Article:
Colorado Gov. Hickenlooper makes the case for HickCare on Capitol Hill
Author: Tom Ramstack - September 7, 2017 - Updated: September 8, 2017
Colorado Governor John Hickenlooper advocated a bipartisan revision to the nation’s health care insurance program during a U.S. Senate hearing Thursday.
“Many people are angry and they have a right to be,” Hickenlooper, a Democrat, said during the hearing.
Hickenlooper discussed the plan he developed with six other Democratic and Republican governors while the time for revising the Obama administration’s Affordable Care Act is running out for this year.
A Senate budget resolution Republicans have been using to authorize repeal of Obamacare expires at the end of this month.
Meanwhile, insurance companies hit with huge claims are either dramatically increasing premiums or closing down their business in some states.
Virginia and Tennessee could lose all their health insurers in little more than a year unless Congress intervenes to change the Affordable Care Act, according to statements from senators at the hearing.
Fourteen Colorado counties are served by only one health insurer after the other insurance companies dropped out, Hickenlooper said. Some families are paying as much as a quarter of their income to comply with the Affordable Care Act’s requirement of buying insurance, known as the individual mandate.
“Our division of insurance is projecting premiums will increase by as much as 27 percent in 2018,” Hickenlooper said. “It’s a big problem.”
So far, all efforts by Republicans working alone to change the Affordable Care Act have failed, leaving a bipartisan plan like the one proposed by Hickenlooper as one of the few alternatives.
The Senate Health, Education, Labor and Pensions Committee scheduled four hearings in a week as it tries to salvage a new health insurance program.
Hickenlooper and his co-author of the governors’ plan, Ohio Republican Gov. John Kasich, will talk more about healthcare on Friday when they address a conference put on my the conservative American Enterprise Institute and the liberal Center for American Progress.
Hickenlooper suggested Thursday that keeping the unpopular requirement that individuals must buy health insurance if employers don’t offer it, at least until Congress develops a better replacement.
Another provision of the plan calls on the Trump administration to fund cost-sharing reduction payments to insurers.
The plan also says Congress should fund a reinsurance program to pay for the care of the sickest patients, thereby eliminating their heavy costs from everyone else’s premiums.
“So many of these [insurance] pools tend to be dominated by the least healthy people,” Hickenlooper said.
He said he knew of a few patients whose health care costs exceeded $5 million a year.
“That raises premiums for everyone,” Hickenlooper said.
He wants Congress to give states more flexibility to craft their own solutions to health care costs, rather than forcing them to comply with a single federal standard.
“Existing regulations limit our ability to come up with creative solutions,” Hickenlooper said.
One of the most successful state programs mentioned during a Senate hearing a day earlier was Alaska’s reinsurance program.
The state invoked Section 1332 of the Affordable Care Act to authorize shifting federal funding to state programs that bring down insurance premium prices. Alaska shifted insurance coverage for patients whose cases are the costliest to a separate pool the state funds separately through a reinsurance program.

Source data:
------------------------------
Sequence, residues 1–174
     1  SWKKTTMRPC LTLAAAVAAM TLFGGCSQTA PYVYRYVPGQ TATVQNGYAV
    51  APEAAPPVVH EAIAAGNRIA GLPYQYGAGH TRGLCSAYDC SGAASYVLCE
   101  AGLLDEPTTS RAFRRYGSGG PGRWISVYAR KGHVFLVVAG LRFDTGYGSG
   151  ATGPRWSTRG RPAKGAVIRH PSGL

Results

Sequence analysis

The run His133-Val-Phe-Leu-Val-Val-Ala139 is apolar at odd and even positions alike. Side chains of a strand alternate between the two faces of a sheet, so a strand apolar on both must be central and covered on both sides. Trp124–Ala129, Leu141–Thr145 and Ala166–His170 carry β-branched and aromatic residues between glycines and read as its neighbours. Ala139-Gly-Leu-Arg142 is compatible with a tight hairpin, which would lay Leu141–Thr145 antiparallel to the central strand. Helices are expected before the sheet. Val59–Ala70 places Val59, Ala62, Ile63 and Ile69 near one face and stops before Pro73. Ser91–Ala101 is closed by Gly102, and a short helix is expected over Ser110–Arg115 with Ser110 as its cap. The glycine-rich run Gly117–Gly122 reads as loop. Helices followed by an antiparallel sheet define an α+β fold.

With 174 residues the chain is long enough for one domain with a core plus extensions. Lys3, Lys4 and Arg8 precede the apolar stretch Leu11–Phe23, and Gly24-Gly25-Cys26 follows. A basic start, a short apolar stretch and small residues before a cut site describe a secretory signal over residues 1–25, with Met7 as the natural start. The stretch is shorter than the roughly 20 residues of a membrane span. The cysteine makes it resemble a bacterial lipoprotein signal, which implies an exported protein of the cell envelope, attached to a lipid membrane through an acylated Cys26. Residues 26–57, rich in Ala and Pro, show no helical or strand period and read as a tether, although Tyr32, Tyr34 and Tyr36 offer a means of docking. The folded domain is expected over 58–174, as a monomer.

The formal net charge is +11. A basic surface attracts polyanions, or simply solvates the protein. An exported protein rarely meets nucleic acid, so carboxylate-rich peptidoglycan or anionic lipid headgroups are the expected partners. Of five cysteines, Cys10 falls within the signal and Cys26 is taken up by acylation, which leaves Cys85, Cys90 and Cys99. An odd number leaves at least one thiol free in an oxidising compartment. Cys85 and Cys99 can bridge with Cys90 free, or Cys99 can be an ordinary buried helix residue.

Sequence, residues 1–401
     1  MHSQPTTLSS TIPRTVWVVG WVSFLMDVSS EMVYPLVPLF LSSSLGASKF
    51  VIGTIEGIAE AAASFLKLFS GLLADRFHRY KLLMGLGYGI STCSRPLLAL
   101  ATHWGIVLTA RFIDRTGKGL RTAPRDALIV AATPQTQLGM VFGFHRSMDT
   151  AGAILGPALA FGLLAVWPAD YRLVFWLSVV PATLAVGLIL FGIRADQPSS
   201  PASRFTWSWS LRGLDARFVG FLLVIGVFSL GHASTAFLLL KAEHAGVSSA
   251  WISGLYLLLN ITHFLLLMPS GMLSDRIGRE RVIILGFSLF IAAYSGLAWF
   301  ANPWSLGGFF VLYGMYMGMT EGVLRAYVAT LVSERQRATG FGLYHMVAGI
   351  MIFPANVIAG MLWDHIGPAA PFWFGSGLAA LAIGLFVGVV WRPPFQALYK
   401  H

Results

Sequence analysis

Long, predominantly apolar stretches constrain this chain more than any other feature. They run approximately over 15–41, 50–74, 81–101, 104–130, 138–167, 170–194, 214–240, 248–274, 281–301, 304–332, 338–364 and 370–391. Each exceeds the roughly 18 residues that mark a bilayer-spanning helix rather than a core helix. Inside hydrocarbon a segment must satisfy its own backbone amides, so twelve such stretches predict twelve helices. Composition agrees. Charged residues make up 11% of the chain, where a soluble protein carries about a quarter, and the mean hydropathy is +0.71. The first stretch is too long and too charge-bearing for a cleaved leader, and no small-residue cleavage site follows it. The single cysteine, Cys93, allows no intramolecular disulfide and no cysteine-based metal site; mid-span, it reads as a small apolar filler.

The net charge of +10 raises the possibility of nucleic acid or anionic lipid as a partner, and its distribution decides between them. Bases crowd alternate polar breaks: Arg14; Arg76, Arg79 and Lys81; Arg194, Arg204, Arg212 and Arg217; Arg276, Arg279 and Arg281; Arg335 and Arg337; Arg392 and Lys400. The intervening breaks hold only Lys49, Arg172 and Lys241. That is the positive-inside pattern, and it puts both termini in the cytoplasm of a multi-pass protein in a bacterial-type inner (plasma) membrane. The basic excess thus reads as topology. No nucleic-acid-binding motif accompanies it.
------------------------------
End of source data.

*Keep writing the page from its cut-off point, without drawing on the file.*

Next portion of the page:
Premiums for all other insured persons fell 7 percent afterward.
The bipartisan plan Hickenlooper proposes draws from the Alaska example.
Colorado’s primary innovation is its Accountable Care Cooperative, Hickenlooper said.
The cooperative gives residents an option of joining a system that emphasizes preventive health care, such as immunizations, health screenings and weight management.
“In Colorado, we’re trying to stretch federal dollars and pinch pennies,” Hickenlooper said. “It’s time for the federal government to work with us, not against us.”
Colorado Sen.Michael Bennet, a Democrat, said other industrialized countries pay half as much as the United States on health insurance but still provide their people with good care.
“We’re getting worse results,” Bennet said.
Colorado Sen. Cory Gardner, a Republican, issued a statement before the hearing Thursday night urging cooperation in Congress to resolve skyrocketing health care costs.
“Our current healthcare system will continue to fail Coloradans if we don’t do something to address the rising costs created by the Affordable Care Act,” Gardner said. “This should not be okay.”
Hickenlooper was joined at the speakers table Thursday by Republican Govs. Charlie Baker of Massachusetts, Bill Haslam of Tennessee and Gary Herbert of Utah, along with Democratic Gov. Steve Bullock of Montana.
A group of Colorado Senate Republicans “mailed in” questions to Hickenlooper about his “nominally bipartisan” proposal.
The governor “didn’t bother to discuss his supposedly-bipartisan plan with Colorado Republicans,” Senate President Kevin Grantham said in a statement, “so we thought we’d give this a shot.”
The questions addressed the growth of Medicaid, rising premiums and a lack of details in Hickenlooper’s proposal.
“The governors’ plan offers no specific recommendation for modifying the onerous burdens in current law placed on small employer plans,” the Colorado Republicans wrote. “Does Governor Hickenlooper, as a former small business employer, have any personal thoughts or recommendations on that important issue?”
Grantham questioned labeling Hickenlooper’s plan bipartisan when only two of the nation’s 34 Republican governors signed on.
“If we’re going to come up with a Colorado solution to these issues, in a truly bipartisan way, Colorado Republicans should have a place at the table that they haven’t had so far,” Grantham wrote.